The delay in this case was not beyond Petitioner's control. Rather, prior to dismissal of the first petition in case number 1:09-cv-00517-OWW-TAG (HC), Petitioner was advised of the options of withdrawing the unexhausted claims and proceeding with exhausted claims only or dismissing the entire petition without prejudice. Petitioner implicitly chose the latter option by continuing to argue that all of his claims were exhausted. See 1:09-cv-00517 OWW-TAG (HC), Objections, ECF No. 13. Petitioner cannot now retract his decision by simply refiling the petition deleting the unexhausted claims. Petitioner knew his first petition could proceed through this Court, thus any delay in pursing his claims was the result of his choice to dismiss the first petition. Accordingly, Respondent's motion to dismiss the instant petition as untimely should be granted.

RECOMMENDATION

Based on the foregoing, it is HEREBY RECOMMENDED that:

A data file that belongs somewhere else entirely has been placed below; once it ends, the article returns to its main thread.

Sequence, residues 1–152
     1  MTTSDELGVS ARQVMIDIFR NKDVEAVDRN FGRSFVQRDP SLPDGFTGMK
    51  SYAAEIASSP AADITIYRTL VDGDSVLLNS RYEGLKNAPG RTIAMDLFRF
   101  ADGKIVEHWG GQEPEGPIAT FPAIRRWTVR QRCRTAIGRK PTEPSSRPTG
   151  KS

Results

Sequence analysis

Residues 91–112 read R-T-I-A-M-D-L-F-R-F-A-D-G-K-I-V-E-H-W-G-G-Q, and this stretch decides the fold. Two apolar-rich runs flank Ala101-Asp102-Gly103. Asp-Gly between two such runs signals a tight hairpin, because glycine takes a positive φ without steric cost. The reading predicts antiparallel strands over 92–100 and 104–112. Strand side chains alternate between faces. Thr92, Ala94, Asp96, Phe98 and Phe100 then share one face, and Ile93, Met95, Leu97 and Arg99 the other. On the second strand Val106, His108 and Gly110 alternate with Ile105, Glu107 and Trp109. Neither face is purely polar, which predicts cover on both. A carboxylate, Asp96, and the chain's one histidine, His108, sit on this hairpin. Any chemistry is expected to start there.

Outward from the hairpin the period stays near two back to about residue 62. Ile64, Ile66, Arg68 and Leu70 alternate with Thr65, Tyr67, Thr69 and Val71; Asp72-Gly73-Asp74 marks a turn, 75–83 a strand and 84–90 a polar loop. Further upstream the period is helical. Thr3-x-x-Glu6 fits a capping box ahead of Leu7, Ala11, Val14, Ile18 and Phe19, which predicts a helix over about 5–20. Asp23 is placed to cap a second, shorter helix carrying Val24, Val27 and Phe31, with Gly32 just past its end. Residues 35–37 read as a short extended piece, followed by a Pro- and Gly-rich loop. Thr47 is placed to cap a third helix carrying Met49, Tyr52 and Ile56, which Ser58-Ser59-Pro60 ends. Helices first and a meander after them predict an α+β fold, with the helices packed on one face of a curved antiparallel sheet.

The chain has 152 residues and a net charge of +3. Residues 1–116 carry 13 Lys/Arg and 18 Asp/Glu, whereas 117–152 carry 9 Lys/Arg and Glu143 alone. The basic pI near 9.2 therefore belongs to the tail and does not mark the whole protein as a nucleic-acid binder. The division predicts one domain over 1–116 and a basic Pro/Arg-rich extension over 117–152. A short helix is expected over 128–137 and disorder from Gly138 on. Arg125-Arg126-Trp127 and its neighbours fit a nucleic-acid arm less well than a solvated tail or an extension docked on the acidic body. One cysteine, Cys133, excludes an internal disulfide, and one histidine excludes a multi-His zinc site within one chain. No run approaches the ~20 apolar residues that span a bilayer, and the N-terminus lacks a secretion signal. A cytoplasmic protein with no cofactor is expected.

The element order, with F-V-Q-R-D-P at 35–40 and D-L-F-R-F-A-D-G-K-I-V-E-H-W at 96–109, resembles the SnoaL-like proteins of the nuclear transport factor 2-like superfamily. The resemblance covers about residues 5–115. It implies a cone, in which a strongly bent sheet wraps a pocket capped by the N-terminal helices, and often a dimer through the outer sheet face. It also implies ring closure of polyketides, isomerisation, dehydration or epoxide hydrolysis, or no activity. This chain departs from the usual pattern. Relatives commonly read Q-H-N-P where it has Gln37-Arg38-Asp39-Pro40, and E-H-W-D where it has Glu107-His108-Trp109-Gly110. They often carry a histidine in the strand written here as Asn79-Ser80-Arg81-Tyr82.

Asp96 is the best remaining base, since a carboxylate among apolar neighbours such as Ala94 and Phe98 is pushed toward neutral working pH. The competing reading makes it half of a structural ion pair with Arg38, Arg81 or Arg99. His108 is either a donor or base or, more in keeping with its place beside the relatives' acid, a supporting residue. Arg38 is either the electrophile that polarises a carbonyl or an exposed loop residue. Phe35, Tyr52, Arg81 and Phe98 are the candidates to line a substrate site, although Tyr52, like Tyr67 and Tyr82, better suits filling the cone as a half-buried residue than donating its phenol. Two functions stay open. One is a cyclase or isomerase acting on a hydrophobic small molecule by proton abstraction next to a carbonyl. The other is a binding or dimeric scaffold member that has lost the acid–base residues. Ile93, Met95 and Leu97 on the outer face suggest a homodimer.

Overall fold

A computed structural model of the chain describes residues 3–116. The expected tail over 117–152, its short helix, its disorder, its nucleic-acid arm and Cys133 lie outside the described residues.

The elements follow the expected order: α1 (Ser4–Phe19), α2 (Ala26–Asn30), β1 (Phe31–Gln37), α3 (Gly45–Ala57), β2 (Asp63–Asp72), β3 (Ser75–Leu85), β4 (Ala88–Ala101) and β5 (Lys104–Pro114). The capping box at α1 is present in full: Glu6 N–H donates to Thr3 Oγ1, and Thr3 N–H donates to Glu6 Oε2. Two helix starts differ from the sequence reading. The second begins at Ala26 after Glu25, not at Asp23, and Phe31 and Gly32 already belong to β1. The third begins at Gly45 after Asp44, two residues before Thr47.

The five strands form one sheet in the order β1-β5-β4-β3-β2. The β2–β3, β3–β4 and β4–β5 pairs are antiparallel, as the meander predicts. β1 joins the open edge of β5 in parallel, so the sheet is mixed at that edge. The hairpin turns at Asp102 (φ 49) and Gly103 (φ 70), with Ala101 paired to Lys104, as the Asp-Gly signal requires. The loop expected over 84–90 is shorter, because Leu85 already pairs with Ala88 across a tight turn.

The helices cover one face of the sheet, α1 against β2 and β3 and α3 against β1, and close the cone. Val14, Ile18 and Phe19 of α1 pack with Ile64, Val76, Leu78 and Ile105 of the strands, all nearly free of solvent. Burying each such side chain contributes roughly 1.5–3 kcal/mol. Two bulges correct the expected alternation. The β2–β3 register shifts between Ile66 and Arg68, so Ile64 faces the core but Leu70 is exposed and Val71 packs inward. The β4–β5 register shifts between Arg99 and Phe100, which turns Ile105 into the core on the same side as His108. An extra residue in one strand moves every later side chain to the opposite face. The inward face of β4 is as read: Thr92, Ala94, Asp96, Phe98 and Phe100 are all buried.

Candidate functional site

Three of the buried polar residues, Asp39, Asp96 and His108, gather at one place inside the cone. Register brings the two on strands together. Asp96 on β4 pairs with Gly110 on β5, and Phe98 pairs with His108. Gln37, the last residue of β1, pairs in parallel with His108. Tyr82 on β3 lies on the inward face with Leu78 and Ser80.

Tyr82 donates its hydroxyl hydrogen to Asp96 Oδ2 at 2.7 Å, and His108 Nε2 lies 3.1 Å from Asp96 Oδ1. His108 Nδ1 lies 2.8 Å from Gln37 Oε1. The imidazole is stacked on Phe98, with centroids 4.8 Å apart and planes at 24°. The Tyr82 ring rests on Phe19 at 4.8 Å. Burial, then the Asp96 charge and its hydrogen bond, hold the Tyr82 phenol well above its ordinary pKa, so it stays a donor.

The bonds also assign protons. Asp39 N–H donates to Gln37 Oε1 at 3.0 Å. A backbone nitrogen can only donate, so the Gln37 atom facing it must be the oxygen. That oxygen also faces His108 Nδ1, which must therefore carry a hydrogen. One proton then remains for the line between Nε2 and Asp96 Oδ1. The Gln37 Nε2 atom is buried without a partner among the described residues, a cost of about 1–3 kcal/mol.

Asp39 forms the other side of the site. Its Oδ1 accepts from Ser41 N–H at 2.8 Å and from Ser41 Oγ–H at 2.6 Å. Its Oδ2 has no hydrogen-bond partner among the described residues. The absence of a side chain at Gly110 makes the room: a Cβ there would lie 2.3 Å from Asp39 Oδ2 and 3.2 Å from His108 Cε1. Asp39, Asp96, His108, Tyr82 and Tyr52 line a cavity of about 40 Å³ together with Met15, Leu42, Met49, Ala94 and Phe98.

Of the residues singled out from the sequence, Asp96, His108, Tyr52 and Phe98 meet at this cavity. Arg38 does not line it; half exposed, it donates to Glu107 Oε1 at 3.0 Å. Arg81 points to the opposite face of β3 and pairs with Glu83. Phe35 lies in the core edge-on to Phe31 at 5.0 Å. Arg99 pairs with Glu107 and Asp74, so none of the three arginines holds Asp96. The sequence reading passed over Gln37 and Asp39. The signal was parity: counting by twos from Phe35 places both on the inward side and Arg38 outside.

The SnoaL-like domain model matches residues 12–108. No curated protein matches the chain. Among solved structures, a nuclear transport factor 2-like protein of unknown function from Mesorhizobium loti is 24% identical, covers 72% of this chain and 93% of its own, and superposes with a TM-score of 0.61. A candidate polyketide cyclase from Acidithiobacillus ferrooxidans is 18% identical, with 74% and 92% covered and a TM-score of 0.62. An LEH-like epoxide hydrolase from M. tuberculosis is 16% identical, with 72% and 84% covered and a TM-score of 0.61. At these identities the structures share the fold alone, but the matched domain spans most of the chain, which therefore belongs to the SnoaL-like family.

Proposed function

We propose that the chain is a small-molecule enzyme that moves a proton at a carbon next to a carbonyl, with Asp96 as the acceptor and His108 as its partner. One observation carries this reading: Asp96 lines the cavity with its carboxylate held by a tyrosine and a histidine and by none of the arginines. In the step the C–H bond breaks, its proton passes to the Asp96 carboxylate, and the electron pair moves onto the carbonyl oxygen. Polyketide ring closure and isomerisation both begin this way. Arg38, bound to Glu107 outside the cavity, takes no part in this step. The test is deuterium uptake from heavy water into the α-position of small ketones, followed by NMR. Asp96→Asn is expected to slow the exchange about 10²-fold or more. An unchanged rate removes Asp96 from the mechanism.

1. Respondent's motion to dismiss the instant petition be GRANTED; and

2. The instant petition for writ of habeas corpus be DISMISSED with prejudice as untimely under 28 U.S.C. § 2244(d)(2).

This Findings and Recommendation is submitted to the assigned United States District Court Judge, pursuant to the provisions of 28 U.S.C. section 636 (b)(1)(B) and Rule 304 of the Local Rules of Practice for the United States District Court, Eastern District of California. Within thirty (30) days after being served with a copy, any party may file written objections with the court and serve a copy on all parties. Such a document should be captioned "Objections to Magistrate Judge's Findings and Recommendation." Replies to the objections shall be served and filed within fourteen (14) days after service of the objections. The Court will then review the Magistrate Judge's ruling pursuant to 28 U.S.C. § 636 (b)(1)(C). The parties are advised that failure to file objections within the specified time may waive the right to appeal the District Court's order. Martinez v. Ylst, 951 F.2d 1153 (9th Cir. 1991).

IT IS SO ORDERED.